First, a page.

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For 37 Years, She's Given You the Shirt On Your Back

Distributing T-shirts at the finish line of the Atlanta Journal-Constitution Peachtree Road Race has its moments, stressful and otherwise.

Longtime volunteer Linda Hart Patton recounts one of the "otherwise."

Among the rules for handing out finisher's T-shirts is "one per customer." Participants occasionally ask for an extra, but standing firm is crucial to the tradition - you, personally, have to finish the race to get the shirt. No exceptions.

One year, some guys came through together, asking for an extra. They told their story: a member of their group had passed away while training for the Peachtree that year. The buddies had cut up his race number, each running with a piece of it. At the finish, they pieced the number back together and asked for a shirt, to give to the man's wife.

Their unusual request got bumped up to Hart Patton, the crew chief.

They got the shirt.

"It goes beyond a service," she said. "There's meaning behind it. That T-shirt represents the struggle they invested in getting to the finish line."

There's meaning behind it for Hart Patton, too, who has been handing out those shirts since 1985, when she was a student at Spelman College - where she is now the director of alumnae operations. Her late father, Erskine Hart, ran his first of many Peachtrees more than 40 years ago, and plenty of other kin joined in over the years. (Her brother, Lloyd, and an uncle ran this year.) Hart Patton's mom, Brenda, ran a few times. Aunts, uncles, in-laws, sometimes coming in from out-of-state.

Linda opted for T-shirts back in 1985, and hasn't looked back since. Her mom, 81, helps, too, most years. Hart Patton's ex-husband, Scott, does set-up the day before the race. Their aptly named son Miles, 22, made his first T-shirt appearance- in a pack strapped to his mom - before he was two months old.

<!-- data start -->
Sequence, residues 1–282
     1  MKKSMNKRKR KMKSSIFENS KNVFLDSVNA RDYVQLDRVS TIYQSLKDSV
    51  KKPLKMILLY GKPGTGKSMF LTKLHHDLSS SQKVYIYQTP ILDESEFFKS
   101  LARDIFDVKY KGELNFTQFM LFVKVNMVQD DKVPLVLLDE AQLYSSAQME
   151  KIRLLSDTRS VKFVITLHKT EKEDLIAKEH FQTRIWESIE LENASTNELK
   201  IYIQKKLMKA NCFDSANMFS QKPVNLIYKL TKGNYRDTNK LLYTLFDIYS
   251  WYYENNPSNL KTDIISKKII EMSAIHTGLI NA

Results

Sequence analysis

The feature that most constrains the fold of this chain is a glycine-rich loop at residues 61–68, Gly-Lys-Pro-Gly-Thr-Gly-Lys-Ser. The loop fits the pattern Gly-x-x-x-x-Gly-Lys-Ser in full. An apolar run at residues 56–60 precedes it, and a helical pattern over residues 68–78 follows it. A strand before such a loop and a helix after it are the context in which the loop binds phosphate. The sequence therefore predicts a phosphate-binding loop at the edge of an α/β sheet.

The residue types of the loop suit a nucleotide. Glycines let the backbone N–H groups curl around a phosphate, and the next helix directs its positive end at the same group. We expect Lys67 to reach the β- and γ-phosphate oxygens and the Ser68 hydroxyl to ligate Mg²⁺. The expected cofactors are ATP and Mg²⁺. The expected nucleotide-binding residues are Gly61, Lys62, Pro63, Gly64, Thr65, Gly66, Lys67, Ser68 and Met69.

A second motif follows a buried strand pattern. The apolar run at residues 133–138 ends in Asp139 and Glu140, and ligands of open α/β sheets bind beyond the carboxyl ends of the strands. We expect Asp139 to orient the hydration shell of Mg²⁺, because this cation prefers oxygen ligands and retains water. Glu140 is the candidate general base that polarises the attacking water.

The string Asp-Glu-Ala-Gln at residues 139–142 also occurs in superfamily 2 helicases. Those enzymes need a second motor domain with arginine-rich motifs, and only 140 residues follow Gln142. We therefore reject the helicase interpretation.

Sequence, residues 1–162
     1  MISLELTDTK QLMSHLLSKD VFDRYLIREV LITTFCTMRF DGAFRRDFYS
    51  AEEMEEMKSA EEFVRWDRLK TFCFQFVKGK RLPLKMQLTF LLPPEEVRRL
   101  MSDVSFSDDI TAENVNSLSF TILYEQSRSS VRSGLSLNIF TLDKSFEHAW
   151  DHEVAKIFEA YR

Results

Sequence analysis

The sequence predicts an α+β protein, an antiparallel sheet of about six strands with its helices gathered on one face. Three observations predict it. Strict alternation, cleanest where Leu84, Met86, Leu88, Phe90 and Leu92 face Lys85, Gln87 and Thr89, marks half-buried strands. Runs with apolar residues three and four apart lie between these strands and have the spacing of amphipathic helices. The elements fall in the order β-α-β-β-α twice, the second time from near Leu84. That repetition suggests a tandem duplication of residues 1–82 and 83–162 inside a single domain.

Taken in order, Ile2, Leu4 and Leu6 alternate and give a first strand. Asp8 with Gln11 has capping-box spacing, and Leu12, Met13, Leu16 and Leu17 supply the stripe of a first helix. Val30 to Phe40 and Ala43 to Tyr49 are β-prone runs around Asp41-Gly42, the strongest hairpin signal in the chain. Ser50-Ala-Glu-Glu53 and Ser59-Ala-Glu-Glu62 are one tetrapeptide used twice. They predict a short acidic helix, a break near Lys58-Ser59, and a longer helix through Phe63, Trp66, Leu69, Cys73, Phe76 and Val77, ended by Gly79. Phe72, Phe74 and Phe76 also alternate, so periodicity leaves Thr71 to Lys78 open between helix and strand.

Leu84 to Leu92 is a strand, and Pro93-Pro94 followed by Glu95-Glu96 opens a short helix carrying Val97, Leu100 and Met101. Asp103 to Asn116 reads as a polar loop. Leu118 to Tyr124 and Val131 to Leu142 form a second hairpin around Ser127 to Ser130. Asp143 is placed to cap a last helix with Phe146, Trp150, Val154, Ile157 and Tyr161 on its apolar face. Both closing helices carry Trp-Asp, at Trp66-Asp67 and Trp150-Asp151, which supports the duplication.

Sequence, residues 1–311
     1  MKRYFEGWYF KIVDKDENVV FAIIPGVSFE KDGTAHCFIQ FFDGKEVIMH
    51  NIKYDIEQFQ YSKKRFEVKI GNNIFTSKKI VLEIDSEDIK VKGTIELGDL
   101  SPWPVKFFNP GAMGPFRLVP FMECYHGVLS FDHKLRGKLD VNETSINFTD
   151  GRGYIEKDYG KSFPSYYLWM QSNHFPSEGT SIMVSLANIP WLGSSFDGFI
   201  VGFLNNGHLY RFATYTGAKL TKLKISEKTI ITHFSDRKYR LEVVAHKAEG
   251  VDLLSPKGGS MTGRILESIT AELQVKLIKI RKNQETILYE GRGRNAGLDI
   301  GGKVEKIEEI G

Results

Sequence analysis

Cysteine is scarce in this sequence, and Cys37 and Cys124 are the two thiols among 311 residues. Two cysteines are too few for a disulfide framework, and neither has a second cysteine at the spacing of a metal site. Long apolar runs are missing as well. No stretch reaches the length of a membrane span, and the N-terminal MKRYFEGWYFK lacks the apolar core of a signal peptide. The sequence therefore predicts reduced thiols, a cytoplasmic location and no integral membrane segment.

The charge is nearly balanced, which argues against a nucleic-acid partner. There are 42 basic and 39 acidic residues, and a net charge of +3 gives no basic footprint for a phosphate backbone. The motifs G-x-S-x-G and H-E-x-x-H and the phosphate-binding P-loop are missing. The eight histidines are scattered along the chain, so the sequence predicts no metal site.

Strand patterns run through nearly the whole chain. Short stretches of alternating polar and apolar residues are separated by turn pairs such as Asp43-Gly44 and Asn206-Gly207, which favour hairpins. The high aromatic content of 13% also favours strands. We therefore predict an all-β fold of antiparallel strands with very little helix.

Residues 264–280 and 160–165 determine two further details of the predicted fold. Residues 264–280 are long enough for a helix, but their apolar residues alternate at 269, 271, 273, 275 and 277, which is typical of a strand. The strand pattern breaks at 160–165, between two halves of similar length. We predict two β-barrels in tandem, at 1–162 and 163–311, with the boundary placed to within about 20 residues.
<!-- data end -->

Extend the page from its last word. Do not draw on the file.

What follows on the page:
"People will come up to him and say, 'I remember when you were born!'" said Hart Patton. While still a preschooler, he decided to help organize an unruly queue by shouting "Excuse me, could everyone please get in one line? Thank you." The crowd, his mother recalls, obeyed. When she talks about retiring, he just shrugs: "OK, no problem. I guess that's when I have to take over."

"Our story is not unique at all," said Hart Patton. "The Peachtree Road Race itself is like a family reunion."

This year's stint at the T-shirt tables was especially challenging. Production issues left a blank on some race numbers where the T-shirt size was supposed to be printed. The new gender-specific shirts proved popular, but their labels weren't always as specific as the shirts. The situation took a lot of sorting out in real time. Notes were taken for next year.

"Linda does her job with unbelievable moxie, patience and commitment," said Jennie Coakley, director of events. "The Peachtree T-shirt is the most prized item of the event, making her area one of the most rewarding but also most frustrating, as Linda deals with questions, confusion and a bit of mayhem each year. But she does it all, year in and year out."

"Whatever the problem is, we can handle it," said Hart Patton. "And the sun will rise the next day."

Maybe, she said, she will even participate someday, given that she is the only family member who hasn't.

"I should do it for dad," she said. "I should do it for me."

This article originally appeared in the August/September 2022 issue of Wingfoot Magazine.

Photos: Courtesy of Linda Hart Patton